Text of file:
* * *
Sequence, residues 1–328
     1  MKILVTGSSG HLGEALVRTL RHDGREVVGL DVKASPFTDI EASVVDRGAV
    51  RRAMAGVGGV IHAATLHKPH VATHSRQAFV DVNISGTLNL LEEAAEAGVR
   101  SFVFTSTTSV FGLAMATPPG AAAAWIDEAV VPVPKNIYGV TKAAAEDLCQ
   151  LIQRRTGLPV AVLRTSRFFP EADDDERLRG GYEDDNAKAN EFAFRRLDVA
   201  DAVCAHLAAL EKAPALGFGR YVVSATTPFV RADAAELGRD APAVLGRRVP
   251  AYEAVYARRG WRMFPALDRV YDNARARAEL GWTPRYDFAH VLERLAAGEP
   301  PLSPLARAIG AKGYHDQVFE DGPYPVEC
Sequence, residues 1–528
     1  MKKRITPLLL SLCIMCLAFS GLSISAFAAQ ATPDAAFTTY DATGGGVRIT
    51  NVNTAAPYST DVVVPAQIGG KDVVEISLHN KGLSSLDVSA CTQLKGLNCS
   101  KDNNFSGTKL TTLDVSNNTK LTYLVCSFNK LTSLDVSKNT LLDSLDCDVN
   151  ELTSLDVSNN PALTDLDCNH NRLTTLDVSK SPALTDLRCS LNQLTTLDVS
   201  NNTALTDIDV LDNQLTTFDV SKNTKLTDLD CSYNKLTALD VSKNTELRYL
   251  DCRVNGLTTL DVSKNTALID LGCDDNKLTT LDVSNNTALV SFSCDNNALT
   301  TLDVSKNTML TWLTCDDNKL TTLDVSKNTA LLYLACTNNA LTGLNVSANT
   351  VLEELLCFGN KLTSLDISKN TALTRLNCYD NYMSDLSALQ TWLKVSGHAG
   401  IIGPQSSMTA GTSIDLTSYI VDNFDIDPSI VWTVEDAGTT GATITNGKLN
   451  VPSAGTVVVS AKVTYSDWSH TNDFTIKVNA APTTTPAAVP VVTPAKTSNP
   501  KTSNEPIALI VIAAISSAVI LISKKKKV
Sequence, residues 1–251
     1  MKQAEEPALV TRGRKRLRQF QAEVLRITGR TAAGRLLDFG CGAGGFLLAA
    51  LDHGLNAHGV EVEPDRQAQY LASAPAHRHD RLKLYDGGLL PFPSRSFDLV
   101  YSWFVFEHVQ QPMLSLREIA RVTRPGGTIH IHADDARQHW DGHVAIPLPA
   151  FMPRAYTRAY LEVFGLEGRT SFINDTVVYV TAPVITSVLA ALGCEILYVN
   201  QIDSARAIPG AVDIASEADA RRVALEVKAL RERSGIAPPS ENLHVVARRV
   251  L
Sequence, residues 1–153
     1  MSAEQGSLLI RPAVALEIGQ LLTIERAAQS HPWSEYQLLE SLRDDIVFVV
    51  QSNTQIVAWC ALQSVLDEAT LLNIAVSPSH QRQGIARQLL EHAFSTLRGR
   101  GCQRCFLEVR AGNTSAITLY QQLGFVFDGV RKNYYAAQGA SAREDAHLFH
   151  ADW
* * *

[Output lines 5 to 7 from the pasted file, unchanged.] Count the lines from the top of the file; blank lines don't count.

   151  LIQRRTGLPV AVLRTSRFFP EADDDERLRG GYEDDNAKAN EFAFRRLDVA
   201  DAVCAHLAAL EKAPALGFGR YVVSATTPFV RADAAELGRD APAVLGRRVP
   251  AYEAVYARRG WRMFPALDRV YDNARARAEL GWTPRYDFAH VLERLAAGEP